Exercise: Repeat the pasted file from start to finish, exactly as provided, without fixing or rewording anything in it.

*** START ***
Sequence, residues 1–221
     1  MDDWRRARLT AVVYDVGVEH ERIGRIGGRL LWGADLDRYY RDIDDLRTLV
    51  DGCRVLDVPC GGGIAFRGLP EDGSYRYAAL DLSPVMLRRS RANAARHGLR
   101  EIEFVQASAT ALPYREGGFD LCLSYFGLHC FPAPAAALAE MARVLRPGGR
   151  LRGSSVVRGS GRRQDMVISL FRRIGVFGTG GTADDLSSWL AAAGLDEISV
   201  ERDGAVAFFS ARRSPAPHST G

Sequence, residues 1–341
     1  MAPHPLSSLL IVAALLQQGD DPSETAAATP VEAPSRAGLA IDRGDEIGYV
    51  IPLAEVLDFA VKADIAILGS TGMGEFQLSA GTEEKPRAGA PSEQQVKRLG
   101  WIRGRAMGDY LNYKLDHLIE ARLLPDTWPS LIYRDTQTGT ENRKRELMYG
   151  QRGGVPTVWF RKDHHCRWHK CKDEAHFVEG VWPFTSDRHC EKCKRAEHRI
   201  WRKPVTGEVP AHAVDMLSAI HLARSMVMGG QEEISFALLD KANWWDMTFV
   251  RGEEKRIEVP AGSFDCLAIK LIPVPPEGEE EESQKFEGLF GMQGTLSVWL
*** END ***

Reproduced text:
Sequence, residues 1–221
     1  MDDWRRARLT AVVYDVGVEH ERIGRIGGRL LWGADLDRYY RDIDDLRTLV
    51  DGCRVLDVPC GGGIAFRGLP EDGSYRYAAL DLSPVMLRRS RANAARHGLR
   101  EIEFVQASAT ALPYREGGFD LCLSYFGLHC FPAPAAALAE MARVLRPGGR
   151  LRGSSVVRGS GRRQDMVISL FRRIGVFGTG GTADDLSSWL AAAGLDEISV
   201  ERDGAVAFFS ARRSPAPHST G

Sequence, residues 1–341
     1  MAPHPLSSLL IVAALLQQGD DPSETAAATP VEAPSRAGLA IDRGDEIGYV
    51  IPLAEVLDFA VKADIAILGS TGMGEFQLSA GTEEKPRAGA PSEQQVKRLG
   101  WIRGRAMGDY LNYKLDHLIE ARLLPDTWPS LIYRDTQTGT ENRKRELMYG
   151  QRGGVPTVWF RKDHHCRWHK CKDEAHFVEG VWPFTSDRHC EKCKRAEHRI
   201  WRKPVTGEVP AHAVDMLSAI HLARSMVMGG QEEISFALLD KANWWDMTFV
   251  RGEEKRIEVP AGSFDCLAIK LIPVPPEGEE EESQKFEGLF GMQGTLSVWL